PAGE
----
FIELD OF THE INVENTION
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The present invention relates to audio processing and,particularly, to audio processing in the context of audio objects coding such as spatial audio object coding.
BACKGROUND OF THE INVENTION
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AND PRIOR ART
In modern broadcasting systems like television it is at certain circumstances desirable not to reproduce the audio tracks as the sound engineer designed them, but rather do perform special adjustments to address constraints given at rendering time. A well-known technology to control such post-production adjustments is to provide appropriate metadata along with those audio tracks.
Traditional sound reproduction systems, e.g. old home television systems, consist of one loudspeaker or a stereo pair of loudspeakers. More sophisticated multichannel reproduction systems use five or even more loudspeakers.
If multichannel reproduction systems are considered, sound engineers can be much more flexible in placing single sources in a two-dimensional plane and therefore may also use a higher dynamic range for their overall audio tracks, since voice intelligibility is much easier due to the well-known cocktail party effect.
However, those realistic, high dynamical sounds may cause problems on traditional reproduction systems. There may be scenarios where a consumer may not want this high dynamic signal, be it because she or he is listening to the content in a noisy environment (e.g. in a driving car or with an in-flight or mobile entertainment system), she or he is wearing hearing aids or she or he does not want to disturb her or his neighbors (late at night for example).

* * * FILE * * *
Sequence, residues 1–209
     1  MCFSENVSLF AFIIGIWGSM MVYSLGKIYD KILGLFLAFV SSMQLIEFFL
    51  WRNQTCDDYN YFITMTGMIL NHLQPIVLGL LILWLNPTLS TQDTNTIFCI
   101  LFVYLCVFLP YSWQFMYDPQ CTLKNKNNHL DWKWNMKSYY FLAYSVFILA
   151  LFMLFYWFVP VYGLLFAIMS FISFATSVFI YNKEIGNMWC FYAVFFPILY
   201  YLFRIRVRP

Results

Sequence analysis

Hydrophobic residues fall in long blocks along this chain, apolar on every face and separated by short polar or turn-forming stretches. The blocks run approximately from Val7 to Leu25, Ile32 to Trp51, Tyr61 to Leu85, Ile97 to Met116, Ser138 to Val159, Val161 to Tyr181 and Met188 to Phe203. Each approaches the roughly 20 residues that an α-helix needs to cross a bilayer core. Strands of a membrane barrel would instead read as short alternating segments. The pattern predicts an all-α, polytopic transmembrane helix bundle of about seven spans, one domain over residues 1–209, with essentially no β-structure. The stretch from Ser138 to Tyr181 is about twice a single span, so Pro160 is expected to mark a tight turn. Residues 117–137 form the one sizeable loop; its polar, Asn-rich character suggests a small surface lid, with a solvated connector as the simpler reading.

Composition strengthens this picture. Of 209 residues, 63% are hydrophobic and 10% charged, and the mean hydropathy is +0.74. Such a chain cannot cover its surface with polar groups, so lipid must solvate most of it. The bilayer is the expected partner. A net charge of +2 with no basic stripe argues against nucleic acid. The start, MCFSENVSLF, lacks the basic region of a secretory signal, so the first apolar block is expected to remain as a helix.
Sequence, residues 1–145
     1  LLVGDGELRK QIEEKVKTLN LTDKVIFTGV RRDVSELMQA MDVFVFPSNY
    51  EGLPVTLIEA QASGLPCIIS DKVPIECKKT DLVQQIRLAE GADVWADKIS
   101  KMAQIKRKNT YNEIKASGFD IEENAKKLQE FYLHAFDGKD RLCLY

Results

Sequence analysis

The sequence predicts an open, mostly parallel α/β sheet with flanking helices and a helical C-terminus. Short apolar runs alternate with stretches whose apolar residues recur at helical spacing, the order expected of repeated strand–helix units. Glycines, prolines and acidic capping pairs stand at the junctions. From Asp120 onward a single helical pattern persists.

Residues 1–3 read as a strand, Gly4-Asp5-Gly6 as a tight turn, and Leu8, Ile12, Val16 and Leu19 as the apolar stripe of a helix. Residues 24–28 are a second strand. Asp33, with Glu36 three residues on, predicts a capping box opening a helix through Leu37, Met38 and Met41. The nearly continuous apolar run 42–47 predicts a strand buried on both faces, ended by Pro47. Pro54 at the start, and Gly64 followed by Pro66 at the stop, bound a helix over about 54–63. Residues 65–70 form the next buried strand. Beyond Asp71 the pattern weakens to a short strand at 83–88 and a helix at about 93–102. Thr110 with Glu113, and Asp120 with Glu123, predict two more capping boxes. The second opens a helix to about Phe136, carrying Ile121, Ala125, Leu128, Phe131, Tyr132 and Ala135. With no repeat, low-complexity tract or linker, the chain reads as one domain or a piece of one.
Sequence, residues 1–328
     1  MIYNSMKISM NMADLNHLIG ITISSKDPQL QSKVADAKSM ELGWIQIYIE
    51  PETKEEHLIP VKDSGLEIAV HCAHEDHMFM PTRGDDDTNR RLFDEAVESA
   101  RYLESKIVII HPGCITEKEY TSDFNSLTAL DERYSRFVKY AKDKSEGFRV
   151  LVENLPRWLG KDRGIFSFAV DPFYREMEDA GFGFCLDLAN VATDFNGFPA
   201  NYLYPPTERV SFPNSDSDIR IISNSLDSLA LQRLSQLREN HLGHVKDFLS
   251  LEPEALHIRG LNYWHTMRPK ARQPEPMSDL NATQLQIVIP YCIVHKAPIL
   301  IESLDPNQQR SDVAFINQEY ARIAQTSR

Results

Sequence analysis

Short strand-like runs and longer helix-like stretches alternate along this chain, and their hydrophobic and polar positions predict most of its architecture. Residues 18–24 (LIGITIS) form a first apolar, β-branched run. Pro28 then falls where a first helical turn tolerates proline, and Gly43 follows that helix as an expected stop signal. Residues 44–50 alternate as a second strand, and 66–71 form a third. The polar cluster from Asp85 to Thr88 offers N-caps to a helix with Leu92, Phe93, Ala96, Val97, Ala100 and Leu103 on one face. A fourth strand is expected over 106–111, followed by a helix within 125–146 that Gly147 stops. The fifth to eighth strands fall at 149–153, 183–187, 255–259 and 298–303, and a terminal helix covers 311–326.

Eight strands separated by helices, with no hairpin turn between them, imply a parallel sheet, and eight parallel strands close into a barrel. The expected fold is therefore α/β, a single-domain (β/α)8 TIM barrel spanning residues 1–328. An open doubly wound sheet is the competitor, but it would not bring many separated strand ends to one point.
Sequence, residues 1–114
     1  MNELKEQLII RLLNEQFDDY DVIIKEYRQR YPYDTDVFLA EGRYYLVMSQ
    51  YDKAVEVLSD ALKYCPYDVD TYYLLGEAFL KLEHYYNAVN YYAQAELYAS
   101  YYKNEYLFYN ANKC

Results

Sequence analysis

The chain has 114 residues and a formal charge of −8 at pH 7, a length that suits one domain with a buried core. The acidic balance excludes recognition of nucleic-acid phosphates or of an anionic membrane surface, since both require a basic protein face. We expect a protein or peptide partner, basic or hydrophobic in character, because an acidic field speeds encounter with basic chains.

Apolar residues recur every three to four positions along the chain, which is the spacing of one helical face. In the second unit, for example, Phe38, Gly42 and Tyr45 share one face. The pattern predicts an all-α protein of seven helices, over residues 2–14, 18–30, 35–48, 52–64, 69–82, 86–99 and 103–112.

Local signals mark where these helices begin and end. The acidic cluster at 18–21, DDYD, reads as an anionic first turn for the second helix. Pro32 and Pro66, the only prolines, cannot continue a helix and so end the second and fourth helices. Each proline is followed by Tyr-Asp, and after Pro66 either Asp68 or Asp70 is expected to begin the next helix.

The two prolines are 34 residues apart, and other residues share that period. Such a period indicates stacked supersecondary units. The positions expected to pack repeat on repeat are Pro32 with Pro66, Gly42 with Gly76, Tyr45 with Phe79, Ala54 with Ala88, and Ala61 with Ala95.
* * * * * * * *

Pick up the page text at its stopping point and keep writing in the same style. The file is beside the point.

Furthermore, broadcasters face the problem that different items in one program (e.g. commercials) may be at different loudness levels due to different crest factors requiring level adjustment of consecutive items.
In a classical broadcast transmission chain the end user receives the already mixed audio track. Any further manipulation on receiver side may be done only in a very limited form. Currently a small feature set of Dolby metadata allows the user to modify some property of the audio signal.
Usually, manipulations based on the above mentioned metadata is applied without any frequency selective distinction, since the metadata traditionally attached to the audio signal does not provide sufficient information to do so.
Furthermore, only the whole audio stream itself can be manipulated. Additionally, there is no way to adopt and separate each audio object inside this audio stream. Especially in improper listening environments, this may be unsatisfactory.
In the midnight mode, it is impossible for the current audio processor to distinguish between ambience noises and dialog because of missing guiding information. Therefore, in case of high level noises (which must be compressed/ limited in loudness), also dialogs will be manipulated in parallel. This might be harmful for speech intelligibility.